I guess I never came back here to post that we started our own classical community, Bridges. It’s been so freeing. I posted 5 Steps to Starting a Classical Community a while back, too.
Despite promises to create a working situation for Director, who was grossly, mistreated, our Regional Manager did not come through for us. Our family is no longer going to provide support to CC through the enrollment of our children as long as our Support Manager and Area Manager remain in their positions taking no responsibility for the destruction of our community. For those looking for a comparable education for your children, I recommend exploring the memory work bodies by Claritas Academy or Catholic Schoolhouse.
When we decided to homeschool 5 years ago, we knew we wanted our kids to continue the classical education they had started in private school. A quick internet search showed that Classical Conversations (CC) was one of the only organized, national, homeschool organizations promoting classical education at home. As a bonus, it was an all-in-one curriculum base AND community AND there was one starting 20 minutes from our home that fall. After attending an information meeting, I was “in.”
Our first year started a little rocky due to poor leadership, but we chalked it up to the fact that most of us were newbies to CC and we just needed to find our stride. We ended up switching to a new community our second year which ended up feeling like home.
The next three years were a HUGE blessing. Our kids made friends. I made friends. I told everyone we knew to join. Many did. I was able to be a substitute Foundations tutor and tutor two years of Essentials. The more I learned about the theory behind CC’s curriculum, the more excited I became about my kids’ education. I also felt empowered to stick with homeschooling all the way through because CC has laid out such a comprehensive plan. CC was also a great fit for our non-typical kiddos. We have one who is just globally delayed and three who came to us as adolescents who had minimal education and little English.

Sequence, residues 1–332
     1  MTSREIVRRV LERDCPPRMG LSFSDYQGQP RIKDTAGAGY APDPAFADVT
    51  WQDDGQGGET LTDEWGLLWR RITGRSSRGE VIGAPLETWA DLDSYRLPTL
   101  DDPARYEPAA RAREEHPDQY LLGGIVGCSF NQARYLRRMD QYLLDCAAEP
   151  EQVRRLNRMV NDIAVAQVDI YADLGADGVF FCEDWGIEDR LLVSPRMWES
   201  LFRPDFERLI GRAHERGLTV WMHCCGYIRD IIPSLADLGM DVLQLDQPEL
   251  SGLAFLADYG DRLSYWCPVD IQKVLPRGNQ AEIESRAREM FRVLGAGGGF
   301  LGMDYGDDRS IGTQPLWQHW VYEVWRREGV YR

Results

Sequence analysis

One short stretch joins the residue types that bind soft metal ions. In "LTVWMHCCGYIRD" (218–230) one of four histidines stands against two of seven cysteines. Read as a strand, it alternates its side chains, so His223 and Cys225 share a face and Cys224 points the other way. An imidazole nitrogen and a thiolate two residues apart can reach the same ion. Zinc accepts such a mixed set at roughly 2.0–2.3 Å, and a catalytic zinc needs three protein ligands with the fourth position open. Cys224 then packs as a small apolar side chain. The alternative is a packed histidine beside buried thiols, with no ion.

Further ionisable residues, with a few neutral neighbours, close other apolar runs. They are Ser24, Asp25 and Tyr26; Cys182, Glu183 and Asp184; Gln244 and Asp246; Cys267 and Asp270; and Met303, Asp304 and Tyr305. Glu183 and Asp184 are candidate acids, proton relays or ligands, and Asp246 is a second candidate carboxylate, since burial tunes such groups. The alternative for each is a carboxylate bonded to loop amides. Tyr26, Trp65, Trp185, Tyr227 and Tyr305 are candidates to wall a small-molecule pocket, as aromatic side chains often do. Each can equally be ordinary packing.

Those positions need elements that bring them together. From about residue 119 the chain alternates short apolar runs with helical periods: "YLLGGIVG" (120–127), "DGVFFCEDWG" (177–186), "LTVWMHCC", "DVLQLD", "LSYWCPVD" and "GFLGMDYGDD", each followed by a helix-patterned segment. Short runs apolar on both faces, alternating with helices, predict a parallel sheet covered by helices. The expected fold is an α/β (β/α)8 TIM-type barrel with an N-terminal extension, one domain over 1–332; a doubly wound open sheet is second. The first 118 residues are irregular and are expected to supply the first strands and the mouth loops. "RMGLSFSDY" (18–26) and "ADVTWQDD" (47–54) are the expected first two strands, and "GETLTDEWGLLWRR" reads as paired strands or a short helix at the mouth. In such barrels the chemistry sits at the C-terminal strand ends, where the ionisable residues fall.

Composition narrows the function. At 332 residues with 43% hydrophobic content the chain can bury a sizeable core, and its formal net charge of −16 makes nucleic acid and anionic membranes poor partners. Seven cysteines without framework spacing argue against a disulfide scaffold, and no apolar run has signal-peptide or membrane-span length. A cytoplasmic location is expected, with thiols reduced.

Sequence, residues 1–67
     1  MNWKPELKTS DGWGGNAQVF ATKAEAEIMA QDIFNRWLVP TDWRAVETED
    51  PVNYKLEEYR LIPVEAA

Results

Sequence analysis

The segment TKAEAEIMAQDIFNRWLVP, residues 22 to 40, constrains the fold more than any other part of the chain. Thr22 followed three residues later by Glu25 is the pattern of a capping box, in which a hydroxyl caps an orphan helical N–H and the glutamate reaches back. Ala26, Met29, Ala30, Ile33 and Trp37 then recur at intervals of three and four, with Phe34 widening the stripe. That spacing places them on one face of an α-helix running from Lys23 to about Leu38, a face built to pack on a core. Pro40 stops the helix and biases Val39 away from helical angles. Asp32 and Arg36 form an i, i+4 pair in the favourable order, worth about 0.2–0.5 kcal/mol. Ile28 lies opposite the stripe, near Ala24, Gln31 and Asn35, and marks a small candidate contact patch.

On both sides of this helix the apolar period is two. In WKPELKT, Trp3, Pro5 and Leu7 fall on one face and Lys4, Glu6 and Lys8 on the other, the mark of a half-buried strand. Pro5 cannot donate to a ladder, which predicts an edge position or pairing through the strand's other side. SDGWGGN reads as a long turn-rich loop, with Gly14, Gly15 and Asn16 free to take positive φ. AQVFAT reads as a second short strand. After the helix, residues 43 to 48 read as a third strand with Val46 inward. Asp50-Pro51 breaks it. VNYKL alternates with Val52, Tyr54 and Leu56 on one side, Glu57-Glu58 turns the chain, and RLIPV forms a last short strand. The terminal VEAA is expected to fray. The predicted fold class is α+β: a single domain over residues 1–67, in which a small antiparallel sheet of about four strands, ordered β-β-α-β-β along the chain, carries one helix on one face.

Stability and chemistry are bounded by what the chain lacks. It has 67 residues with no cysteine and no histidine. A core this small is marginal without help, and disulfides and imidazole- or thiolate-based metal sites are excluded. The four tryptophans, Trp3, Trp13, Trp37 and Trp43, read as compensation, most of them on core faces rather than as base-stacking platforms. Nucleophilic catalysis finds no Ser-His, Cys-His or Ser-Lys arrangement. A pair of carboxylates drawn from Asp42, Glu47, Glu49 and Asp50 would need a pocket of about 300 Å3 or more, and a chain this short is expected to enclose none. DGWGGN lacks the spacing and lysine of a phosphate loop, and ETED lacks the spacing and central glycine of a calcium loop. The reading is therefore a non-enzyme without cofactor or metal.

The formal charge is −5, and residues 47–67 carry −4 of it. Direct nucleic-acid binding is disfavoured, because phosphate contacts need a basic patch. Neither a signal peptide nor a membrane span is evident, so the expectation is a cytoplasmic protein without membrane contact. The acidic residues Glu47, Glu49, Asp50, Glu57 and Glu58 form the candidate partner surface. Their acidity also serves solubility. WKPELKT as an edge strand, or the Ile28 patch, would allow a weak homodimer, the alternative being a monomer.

Then events this spring revealed what I consider weaknesses in the organizational structure of CC leadership. Unfortunately, these weaknesses hurt many families and caused extreme amounts of stress and unrest. While I still think CC is probably the best classical curriculum out there for homeschoolers, there are organizational philosophies with which I disagree. I wish I had known to be cautious about these things before I jumped in wholeheartedly and brought dozens of families with me.
In the name of community, we’re letting our Foundations/Essentials kids go back as participants next year. I am no longer a contracted tutor and stopped the process of becoming a Challenge Director. I am praying for organizational change over the next year so we feel comfortable jumping back in with two feet.
Below I’m going to enumerate the concerns that I have already expressed to our Regional Manager. If you agree with me, I urge you to contact your Regional Manager (listed at the end) and have your voice be heard. If you are considering CC for your family, I don’t want to discourage you, but I want you to go in with your eyes more open than ours were when we started our journey.